The “self-identification” standard, though, boosts people like Rae, who lacks ties to the Cherokee Nation, the Eastern Band of Cherokee Indians or the United Keetoowah Band of Cherokee Indians, the three federally recognized Cherokee tribes. Together, the three tribes have long sought to address fraudulent Cherokee claims, whether from individuals or groups, including those that benefit financially from assertions of their status.
Yet going forward, The Academy’s embrace of “self-identification” will be taking on even greater significance. With the 96th Oscars next year, eligibility in the Best Picture category will be based on a set of representation and inclusion standards — notably whether anyone who claims to be “Indigenous/Native American/Alaskan Native” is seen in front of the camera, worked behind the scenes, or was involved in audience development.
Littlefeather, ironically, delivered remarks at the 45th Oscars on behalf of the late actor Marlon Brando, who won an Oscar for Best Actor in The Godfather, which won Best Picture.
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Besides her development deals and her work with The Academy, Rae has been employed since 2018 as a Narrative Change Strategist by Illuminative, which was established, in part, to ensure accurate depictions of Native peoples in media. On behalf of the organization, she led a discussion about Native representation in film and television during the annual Santa Fe Indian Market in New Mexico last year.
In a story published by The New York Post on Sunday, the paper said a “source close to IllumiNative” attempted to connect the concept of blood quantum to Rae’s claims about her tribal identity. Notably, the Cherokee Nation does not base citizenship on blood quantum.
The story also highlighted research conducted the “FakeIndians” blog which said Rae was born to Vernon Ray Bybee and to Barbara Jane Means. According to numerous records posted by the site, no one from Rae’s paternal or maternal family can be connected to any of the three Cherokee tribes.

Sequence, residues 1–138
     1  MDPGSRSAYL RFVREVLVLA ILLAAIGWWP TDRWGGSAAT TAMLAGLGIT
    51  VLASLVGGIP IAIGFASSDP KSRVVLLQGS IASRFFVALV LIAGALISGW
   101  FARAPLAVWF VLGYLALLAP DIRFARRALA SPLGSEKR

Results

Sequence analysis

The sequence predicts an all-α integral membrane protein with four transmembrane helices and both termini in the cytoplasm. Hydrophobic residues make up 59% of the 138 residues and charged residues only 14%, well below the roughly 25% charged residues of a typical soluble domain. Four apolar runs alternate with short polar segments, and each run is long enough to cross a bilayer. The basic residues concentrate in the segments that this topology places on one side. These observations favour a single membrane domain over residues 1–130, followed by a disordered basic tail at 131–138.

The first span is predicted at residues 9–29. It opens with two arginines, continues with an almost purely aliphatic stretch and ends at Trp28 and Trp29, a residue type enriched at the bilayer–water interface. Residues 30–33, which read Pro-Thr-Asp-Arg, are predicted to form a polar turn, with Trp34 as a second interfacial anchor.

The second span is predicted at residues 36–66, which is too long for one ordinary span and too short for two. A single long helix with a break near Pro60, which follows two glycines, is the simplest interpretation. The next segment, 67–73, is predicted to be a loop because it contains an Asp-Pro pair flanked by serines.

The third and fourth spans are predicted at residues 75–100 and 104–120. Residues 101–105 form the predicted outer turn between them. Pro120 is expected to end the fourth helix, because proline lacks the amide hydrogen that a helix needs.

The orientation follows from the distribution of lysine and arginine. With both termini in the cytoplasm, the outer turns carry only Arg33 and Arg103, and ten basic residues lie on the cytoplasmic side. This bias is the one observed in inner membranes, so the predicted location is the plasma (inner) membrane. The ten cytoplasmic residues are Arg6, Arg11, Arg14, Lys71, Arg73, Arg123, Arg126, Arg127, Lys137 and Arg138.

Publicly available records reviewed by Indianz.Com show Vernon and Barbara were married in Las Vegas, Nevada, in March 1966. Both of their residences at the time were listed as being in Pocatello, in the southern part of Idaho.
A birth record shows Heather Rae Bybee as being born in California in October 1966. Other publicly available documents, including high school yearbook listings and photos, show a person with the same name later living in Meridian, a city near Boise, also in southern Idaho.
After Rae’s parents divorced, her father remarried and later resided in Salmon, in the central part of the state. The locations coincide with the April 2010 Idaho Statesman story which reported where Rae grew up after being born to a “Cherokee mother.”
Fancy Dance was directed, co-written and co-produced by Erica Tremblay, a citizen of the Seneca-Cayuga Tribe. Runningwater was an executive producer on the film, which is screening at the Sun Valley Film Festival in Idaho later this week.